Some good news and bad news for the Kennedy Center this week.
Good news: “Book of Mormon,” the uber-successful Broadway musical from the brains that brought you South Park, is making its D.C. debut at the Kennedy Center, and Washingtonians really, really want tickets.
Bad news: Unlike your average Girl Scout, the Kennedy Center wasn’t prepared for what spokesperson John Dow called “historic” demand. In the minutes before 10 a.m. Wednesday, when members-only tickets went on sale, the number of people trying to log onto the site jumped from 3,000 to 6,000, according to Dow, which overwhelmed both the ticketing module and the Kennedy Center’s main Web site, ultimately crashing the system.
“I was told, at one point, there were a few thousand hits per second,” said Dow. He called the traffic spike “beyond unprecedented.”
The system went down at 10 a.m. and, as of press deadlines Thursday, had not fully recovered. Even once the site was back in action, many patrons who tried to go to kennedy-center.org were left in Internet purgatory, “the waiting room,” where they were told how many customers were ahead of them before they could even access the home page — whether or not they were attempting to buy “Book of Mormon” tickets.
When “Wicked” arrived in 2011, demand for tickets also caused systems to overload. Since “Wicked,” said Dow, the Kennedy Center has increased capacity to both the main Web site and the ticket module. In anticipation of “Book of Mormon,” Kennedy Center representatives set a four-ticket limit per transaction and staggered purchase windows: one for members, a later date for American Express cardholders, and a third for the general public.
But that didn’t go far enough.
Don Berey, a member who tried to buy tickets Wednesday, couldn’t get through until 6:30 a.m. Thursday. He said he had the same problem with “Wicked.”
“Why didn’t you prepare for this?” Berey said. “You have people paying you $60 and more to be a member of the Kennedy Center. If you know you’re going to get slammed, you need to do something about that.”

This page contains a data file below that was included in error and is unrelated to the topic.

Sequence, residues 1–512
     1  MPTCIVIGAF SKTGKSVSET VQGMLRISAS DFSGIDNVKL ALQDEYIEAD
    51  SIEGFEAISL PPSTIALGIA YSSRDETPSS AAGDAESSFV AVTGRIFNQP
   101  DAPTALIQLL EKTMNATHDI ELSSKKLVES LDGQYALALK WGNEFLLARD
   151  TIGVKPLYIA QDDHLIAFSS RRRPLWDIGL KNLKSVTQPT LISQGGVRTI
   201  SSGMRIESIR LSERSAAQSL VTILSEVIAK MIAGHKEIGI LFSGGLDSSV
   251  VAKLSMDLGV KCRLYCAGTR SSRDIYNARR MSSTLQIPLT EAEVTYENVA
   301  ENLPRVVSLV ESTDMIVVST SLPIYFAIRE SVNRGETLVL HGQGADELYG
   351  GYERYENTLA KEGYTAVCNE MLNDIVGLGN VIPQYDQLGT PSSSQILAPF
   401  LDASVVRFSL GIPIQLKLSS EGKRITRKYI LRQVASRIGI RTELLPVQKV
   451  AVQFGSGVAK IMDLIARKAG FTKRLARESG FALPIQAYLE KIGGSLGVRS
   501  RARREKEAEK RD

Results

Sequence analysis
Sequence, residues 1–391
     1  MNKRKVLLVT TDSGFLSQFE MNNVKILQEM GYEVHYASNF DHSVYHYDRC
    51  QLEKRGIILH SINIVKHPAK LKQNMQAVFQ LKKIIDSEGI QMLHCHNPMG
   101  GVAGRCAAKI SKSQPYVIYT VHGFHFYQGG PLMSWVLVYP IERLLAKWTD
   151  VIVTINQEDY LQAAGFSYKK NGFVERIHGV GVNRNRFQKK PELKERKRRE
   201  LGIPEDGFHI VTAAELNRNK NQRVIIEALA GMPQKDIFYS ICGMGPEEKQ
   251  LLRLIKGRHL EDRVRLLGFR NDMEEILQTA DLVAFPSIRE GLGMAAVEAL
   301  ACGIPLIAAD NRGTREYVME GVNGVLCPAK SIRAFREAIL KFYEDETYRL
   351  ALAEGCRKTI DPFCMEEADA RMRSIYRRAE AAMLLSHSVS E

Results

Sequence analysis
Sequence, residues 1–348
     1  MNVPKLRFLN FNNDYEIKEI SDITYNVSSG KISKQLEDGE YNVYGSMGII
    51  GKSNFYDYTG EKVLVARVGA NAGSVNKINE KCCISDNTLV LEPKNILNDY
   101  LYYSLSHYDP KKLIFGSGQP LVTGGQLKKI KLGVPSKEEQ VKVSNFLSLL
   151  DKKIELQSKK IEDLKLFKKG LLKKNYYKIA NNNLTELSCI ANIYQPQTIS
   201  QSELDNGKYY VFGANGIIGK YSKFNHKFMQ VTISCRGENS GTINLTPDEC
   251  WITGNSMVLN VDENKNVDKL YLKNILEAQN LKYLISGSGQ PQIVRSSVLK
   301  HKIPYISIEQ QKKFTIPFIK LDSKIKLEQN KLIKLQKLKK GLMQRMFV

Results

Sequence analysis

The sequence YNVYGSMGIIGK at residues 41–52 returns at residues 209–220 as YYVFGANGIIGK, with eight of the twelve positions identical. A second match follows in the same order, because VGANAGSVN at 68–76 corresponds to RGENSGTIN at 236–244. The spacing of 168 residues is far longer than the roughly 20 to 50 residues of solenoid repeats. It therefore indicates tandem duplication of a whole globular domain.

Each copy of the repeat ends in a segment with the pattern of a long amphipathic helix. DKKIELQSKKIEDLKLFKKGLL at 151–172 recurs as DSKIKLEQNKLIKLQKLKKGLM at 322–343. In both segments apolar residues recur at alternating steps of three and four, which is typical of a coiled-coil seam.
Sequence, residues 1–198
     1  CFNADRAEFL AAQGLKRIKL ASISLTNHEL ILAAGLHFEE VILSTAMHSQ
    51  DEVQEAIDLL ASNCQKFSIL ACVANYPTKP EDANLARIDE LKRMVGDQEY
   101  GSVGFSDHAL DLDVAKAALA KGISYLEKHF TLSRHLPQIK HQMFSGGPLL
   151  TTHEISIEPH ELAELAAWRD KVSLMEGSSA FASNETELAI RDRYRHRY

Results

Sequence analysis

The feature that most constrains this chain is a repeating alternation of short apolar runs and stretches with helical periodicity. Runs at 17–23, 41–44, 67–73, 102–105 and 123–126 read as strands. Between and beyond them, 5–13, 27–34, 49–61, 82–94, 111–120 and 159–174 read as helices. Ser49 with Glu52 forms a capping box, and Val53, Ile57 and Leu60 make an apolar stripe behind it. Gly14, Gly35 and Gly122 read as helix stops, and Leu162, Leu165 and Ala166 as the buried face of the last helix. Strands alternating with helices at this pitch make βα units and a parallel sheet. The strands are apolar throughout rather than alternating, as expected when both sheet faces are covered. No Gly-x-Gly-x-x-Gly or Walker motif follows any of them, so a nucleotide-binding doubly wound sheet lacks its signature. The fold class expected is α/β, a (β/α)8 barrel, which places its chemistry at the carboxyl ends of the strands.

Dow emphasized that there were “tens of thousands” of tickets on sale and that tickets remain available for the show, which runs from July 9 to Aug. 18. “But with the demand that we’ve had before, we expect long waits to purchase tickets,” he said.
Unfortunately for patrons who were attempting to get to the Kennedy Center site for non-“Book of Mormon”-related activities, Dow said the ticketing and non-ticketing portions of the Web sites are linked to a central database.
That’s not the case in Minneapolis, said Jim Sheeley, president of the Historic Theater Group. “Book of Mormon” played Minneapolis’s Orpheum Theatre in February.
“Everything went smoothly,” Sheeley said. “We’re on Ticketmaster, and they have a lot of capacity.” Orpheum patrons get rerouted to Ticketmaster.com in order to purchase tickets.
At the Denver Center for the Performing Arts, where the national tour began, tickets sold out in less than five hours, according to DCPA President Randy Weeks. “We experienced a bit of a slowdown, but we did not crash,” he said.
The DCPA is working on a new system for when the show returns in October. It will route patrons through the Web site more quickly. After landing on a splash page, “they’ll bounce off the Web site and go directly to the ticketing platform,” said Weeks.
“For organizations like us, who do our own in-house ticketing, you have to be prepared for the demand,” he said.
Late Thursday afternoon, the Kennedy Center reached out to members by e-mail to apologize and explain the crash.
“To me as a member, saying that it crashed is not an answer,” said Berey. “The next time tickets to something like this goes on sale, they [should] make sure the system they have has the capacity to serve their members as they expect to be served.”